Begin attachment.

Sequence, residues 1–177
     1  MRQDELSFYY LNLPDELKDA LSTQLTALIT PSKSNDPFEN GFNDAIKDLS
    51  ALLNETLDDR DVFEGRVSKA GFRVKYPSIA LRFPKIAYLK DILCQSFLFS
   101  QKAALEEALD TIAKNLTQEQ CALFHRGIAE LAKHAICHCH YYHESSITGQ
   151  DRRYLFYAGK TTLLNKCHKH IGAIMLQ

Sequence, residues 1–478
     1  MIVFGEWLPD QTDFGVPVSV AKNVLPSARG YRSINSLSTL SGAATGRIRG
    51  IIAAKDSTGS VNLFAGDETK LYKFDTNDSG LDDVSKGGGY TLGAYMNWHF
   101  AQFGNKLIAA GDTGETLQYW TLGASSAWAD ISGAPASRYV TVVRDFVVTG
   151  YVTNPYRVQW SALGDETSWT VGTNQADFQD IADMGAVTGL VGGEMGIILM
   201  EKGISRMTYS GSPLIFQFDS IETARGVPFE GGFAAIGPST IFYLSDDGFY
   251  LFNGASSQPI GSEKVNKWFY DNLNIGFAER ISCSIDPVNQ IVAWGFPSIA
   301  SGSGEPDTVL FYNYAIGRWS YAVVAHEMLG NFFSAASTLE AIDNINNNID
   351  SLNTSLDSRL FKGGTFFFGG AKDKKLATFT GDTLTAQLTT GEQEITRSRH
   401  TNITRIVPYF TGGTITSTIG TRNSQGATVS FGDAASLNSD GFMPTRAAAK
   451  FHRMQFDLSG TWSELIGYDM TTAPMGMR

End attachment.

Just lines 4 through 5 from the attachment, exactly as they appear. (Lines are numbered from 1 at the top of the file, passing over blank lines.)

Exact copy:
   101  QKAALEEALD TIAKNLTQEQ CALFHRGIAE LAKHAICHCH YYHESSITGQ
   151  DRRYLFYAGK TTLLNKCHKH IGAIMLQ